One of the UK’s largest energy groups has told ministers that a rescue plan to protect households from rising bills will need funding of more than £100bn over two years, underlining the scale of the crisis engulfing Britain as gas prices surge.
Keith Anderson, chief executive of Scottish Power — one of the “Big Six” energy suppliers — last week met business secretary Kwasi Kwarteng and proposed capping household energy bills at around £2,000 a year, according to people with knowledge of the talks.
Liz Truss, the leading candidate for the Tory leadership, has acknowledged that new support for households could be needed, with the rise in bills expected to accelerate, but has maintained her distaste for “handouts”.
However, the government has become increasingly concerned at the scale of the energy shock in recent weeks as gas prices have risen sharply.
Philippe Commaret, managing director of customers at energy supplier EDF, warned on Tuesday that the UK was facing a “catastrophic winter”, telling the BBC that half of all households could fall into fuel poverty without intervention.
Under Anderson’s proposal, household bills would be frozen for two years near the current £1,971 price cap, which is already close to double the typical bill of 18 months ago.
Households face another jump in the “cap” on energy bills on Friday when energy regulator Ofgem is due to announce a new limit, which analysts expect to exceed £3,000. Banks and consultancies are projecting that the cap will be lifted above £5,000 by April.
Under the Scottish Power proposal, suppliers would cover the gap between the cap and the wholesale price of gas and electricity by borrowing from a “deficit fund”, arranged by the government through commercial banks.
The cost would be gradually paid off by the public either through government borrowing funded by general taxation, spread over bills for the next 10-15 years, or split between a combination of the two.
People familiar with the discussions said the “mood music” in the government had shifted in recent weeks as gas prices have climbed, with Russia cutting supplies to Europe in retaliation for sanctions related to its invasion of Ukraine.
Anderson first floated the plan in the spring and had a sympathetic hearing from Kwarteng, according to the business secretary’s allies. Rishi Sunak, then chancellor, instead set up a £15bn fund including one-off payments of £400 to every household in the country.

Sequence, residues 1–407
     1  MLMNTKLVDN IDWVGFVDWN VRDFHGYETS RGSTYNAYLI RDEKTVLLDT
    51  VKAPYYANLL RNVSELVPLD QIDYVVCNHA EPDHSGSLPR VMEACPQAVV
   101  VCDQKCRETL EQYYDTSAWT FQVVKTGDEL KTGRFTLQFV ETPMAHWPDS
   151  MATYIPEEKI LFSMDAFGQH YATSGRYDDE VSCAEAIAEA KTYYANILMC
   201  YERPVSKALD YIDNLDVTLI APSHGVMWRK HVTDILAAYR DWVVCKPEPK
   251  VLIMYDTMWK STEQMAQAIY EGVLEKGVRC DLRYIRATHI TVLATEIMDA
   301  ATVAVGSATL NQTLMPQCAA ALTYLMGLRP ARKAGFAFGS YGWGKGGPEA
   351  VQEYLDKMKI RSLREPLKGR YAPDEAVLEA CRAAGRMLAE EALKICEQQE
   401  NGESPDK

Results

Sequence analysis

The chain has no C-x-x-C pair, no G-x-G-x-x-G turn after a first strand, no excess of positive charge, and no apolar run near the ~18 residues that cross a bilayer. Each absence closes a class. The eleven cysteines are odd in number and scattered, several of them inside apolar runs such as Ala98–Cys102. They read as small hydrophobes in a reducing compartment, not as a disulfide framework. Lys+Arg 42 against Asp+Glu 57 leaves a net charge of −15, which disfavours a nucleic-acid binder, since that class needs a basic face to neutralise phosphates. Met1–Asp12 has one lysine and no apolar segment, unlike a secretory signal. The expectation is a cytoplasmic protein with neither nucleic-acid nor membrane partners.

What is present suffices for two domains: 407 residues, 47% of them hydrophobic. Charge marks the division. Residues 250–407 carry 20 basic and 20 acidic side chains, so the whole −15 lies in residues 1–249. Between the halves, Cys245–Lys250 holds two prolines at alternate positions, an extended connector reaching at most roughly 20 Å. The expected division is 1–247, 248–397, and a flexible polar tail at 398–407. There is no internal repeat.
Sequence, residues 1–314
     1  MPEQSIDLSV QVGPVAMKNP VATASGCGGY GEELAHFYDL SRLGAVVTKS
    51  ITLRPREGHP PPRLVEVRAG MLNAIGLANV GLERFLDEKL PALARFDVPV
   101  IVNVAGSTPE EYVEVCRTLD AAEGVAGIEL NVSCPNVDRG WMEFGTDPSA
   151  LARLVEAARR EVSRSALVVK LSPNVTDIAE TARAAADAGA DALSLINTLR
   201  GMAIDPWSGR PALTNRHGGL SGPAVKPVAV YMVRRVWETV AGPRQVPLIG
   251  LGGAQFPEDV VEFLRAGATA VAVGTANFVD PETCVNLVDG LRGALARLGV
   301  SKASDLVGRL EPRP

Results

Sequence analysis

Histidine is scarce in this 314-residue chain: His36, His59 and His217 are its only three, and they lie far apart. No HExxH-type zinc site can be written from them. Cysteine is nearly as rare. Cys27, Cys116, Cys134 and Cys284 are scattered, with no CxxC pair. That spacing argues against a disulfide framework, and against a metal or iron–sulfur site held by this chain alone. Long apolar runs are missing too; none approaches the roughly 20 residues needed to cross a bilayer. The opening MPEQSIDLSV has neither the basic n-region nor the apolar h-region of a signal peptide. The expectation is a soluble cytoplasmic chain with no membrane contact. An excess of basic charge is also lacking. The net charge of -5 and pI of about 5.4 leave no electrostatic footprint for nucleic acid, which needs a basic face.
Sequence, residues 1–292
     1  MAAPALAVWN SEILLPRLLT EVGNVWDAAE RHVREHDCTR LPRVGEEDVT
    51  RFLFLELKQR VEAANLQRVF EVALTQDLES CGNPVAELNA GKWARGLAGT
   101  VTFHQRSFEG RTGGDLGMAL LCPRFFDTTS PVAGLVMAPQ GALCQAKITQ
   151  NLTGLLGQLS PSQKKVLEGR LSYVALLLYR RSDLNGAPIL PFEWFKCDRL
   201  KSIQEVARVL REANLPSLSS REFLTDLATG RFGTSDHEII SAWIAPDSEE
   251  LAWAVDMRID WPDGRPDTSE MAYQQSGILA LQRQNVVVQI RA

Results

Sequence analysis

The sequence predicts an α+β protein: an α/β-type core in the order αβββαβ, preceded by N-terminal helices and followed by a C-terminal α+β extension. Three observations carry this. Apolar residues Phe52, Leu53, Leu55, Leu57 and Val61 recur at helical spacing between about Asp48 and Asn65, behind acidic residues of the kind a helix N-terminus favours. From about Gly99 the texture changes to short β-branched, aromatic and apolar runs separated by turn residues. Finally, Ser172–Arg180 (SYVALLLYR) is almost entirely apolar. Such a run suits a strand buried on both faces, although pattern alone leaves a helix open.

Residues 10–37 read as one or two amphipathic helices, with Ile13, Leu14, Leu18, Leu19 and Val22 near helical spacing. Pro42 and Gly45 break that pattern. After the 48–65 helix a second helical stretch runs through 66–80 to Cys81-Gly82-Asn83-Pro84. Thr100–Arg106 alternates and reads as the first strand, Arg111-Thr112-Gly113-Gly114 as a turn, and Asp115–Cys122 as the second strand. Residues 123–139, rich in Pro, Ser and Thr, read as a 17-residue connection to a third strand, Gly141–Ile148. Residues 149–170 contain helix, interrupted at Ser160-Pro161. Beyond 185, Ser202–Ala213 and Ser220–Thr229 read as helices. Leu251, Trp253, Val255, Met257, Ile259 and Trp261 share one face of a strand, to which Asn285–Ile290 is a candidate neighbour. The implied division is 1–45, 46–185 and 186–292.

However, Kwarteng is now in line to become chancellor of the exchequer, with his close ally Truss, the foreign secretary, leading Sunak in the polls for the Tory leadership race.
The business secretary discussed the plan with Anderson in a call on Wednesday last week but made clear that no decision would be made until the Conservative party has chosen a new leader to replace Boris Johnson on September 5, said people briefed on the talks.
The plan would cost more than the coronavirus furlough scheme that paid millions of salaries during the lockdown phases of the pandemic. It cost £69bn between March 2020 and October 2021.
Industry executives involved in the talks said the final cost of the proposal was not fixed. One option would see the government target support only to to the 5mn households that receive universal credit payments rather than all 28mn households in the UK, although there are concerns that the scale of energy bill increases could also overwhelm many higher-earning households.
The cost of the plan could also increase if wholesale energy prices continue to rise, potentially leaving the government with a large uncapped liability.
People familiar with the talks said the proposal could help cool inflation in the wider economy, although many small businesses, which are not covered by the price cap, may need additional support.
Keir Starmer, leader of the opposition Labour party, has said that as prime minister he would cap prices at their current level for six months at the cost of about £30bn.
One government figure said the Anderson proposal showed that industry believes that the crisis could continue for two years.
“It doesn’t just demonstrate the scale of the problem but also the length of time that it’s likely to last . . . it shows how long the industry thinks prices are going to stay high for,” he said.